The fact that creatine consumption causes alopecia has been spread ad nauseam, due to the fact that, as often happens, data from studies are extrapolated without knowing how to interpret them. As I receive questions on this subject on a daily basis, I have decided to write this post openly. Let’s see then if creatine causes alopecia.
Does creatine consumption cause alopecia?
This argument comes from the study by Van der Merwe et al 2009 (it is the only one in this regard), where it was found that creatine supplementation for 3 weeks in college rugby players, increased Dihydrotestosterone (DHT) by 56% during the loading phase with creatine (25 gr per day of creatine) and 40% during the maintenance phase (5 gr per day of creatine).
2.- The aim of the study was not even to evaluate whether creatine could promote alopecia, so they do not measure this event, but only provide data on this increase in DHT when creatine is consumed.
DHT is produced by the conversion of testosterone by means of 5-alpha-reductase, and in hair follicles it can promote alopecia as it shortens the anagen phase of the hair (growth) and accelerates the telogen phase. Drugs such as finasteride inhibit 5-alpha reductase to limit the conversion of testosterone to DHT.
Therefore, after this study, it was extrapolated and the idea was put forward that creatine increased DHT and this would cause alopecia. But correlation does not mean causation, so it cannot even be said that creatine directly increases DHT. For example, perhaps thanks to the ergogenic effects of creatine, the subjects trained more intensely and this increased intensity may have increased DHT. Not even a mechanistic link is established as to why creatine would increase DHT.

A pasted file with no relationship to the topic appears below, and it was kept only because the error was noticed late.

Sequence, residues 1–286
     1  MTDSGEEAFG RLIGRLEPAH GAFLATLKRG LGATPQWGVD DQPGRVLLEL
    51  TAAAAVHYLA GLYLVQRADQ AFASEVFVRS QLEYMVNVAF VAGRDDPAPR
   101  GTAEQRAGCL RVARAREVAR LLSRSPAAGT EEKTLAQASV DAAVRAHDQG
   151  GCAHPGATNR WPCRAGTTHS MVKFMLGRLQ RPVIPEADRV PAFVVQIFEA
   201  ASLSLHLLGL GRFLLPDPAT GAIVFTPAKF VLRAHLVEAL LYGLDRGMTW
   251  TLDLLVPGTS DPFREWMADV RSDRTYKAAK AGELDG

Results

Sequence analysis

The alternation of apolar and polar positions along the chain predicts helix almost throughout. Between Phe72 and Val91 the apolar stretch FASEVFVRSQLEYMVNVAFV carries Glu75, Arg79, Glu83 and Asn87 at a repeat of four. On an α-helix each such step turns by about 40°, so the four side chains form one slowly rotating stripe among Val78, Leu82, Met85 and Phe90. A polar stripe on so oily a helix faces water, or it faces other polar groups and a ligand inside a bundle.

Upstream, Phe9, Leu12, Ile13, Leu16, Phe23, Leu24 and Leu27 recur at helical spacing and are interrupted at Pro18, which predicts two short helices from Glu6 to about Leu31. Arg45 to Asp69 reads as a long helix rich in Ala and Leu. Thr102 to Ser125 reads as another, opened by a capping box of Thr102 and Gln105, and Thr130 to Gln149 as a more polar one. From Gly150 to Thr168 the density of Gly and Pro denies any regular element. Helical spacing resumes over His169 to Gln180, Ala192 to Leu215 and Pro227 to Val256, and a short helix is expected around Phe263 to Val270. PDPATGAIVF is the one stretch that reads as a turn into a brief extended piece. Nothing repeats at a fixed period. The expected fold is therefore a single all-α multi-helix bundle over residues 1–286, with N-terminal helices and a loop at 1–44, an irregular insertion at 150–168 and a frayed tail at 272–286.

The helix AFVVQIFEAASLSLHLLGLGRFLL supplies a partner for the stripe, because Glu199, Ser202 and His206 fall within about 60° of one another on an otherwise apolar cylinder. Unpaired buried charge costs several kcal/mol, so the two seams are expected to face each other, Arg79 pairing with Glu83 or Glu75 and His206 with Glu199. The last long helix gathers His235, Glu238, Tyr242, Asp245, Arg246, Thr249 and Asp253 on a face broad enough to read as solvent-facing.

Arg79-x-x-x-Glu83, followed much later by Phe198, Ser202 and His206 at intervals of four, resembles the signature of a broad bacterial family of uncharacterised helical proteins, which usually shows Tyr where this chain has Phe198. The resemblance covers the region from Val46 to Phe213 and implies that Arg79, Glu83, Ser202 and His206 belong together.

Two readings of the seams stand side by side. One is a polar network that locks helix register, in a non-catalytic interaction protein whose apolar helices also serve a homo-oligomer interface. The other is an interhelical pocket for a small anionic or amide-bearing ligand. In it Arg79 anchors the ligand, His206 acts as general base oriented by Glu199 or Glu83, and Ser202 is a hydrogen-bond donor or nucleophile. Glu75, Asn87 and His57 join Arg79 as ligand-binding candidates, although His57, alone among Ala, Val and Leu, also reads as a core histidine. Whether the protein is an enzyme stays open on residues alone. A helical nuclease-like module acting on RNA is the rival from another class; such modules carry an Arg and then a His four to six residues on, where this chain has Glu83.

5.- In addition, the size of the effect and relativity must be assessed. When expressing the data in percentages, the 56% increase in DHT and then 40% in the maintenance phase is striking. However, in real data, at the end of the study, the DHT of the placebo group was 106 nmol/L and the concentrations of the group taking creatine was 136 nmol/L (table in the image). This means that although there was an increase in DHT in the subjects taking creatine, this increase is perhaps not substantial enough to cause severe alopecia, since subjects with alopecia usually have almost double the DHT concentrations in blood than the concentrations obtained in the group taking creatine.
To date, there is no evidence to say that creatine causes alopecia.
Thus, to date there is no evidence or data to say that creatine causes alopecia, since the only study that exists (the fact that there is only one is already a limitation) does not even measure this event, does not establish a clear causal relationship between creatine consumption and increased DHT and it cannot even be concluded that this increase in DHT is substantial enough to cause substantial alopecia.
Nor can we say categorically that creatine cannot promote alopecia.
On the other hand, neither can we say categorically that creatine cannot favor alopecia, we can simply say that to date there is no evidence that makes us think that it does, so we must wait for future studies that investigate this fact correctly to draw conclusions. Perhaps people with a tendency to alopecia may be a little apprehensive about this fact, but the data available are not really significant enough to say that creatine consumption can significantly aggravate alopecia.
For the time being, and until there are no more reliable studies on the subject, you can take creatine without fear that you will see the cardboard, your trip to Turkey can wait 😉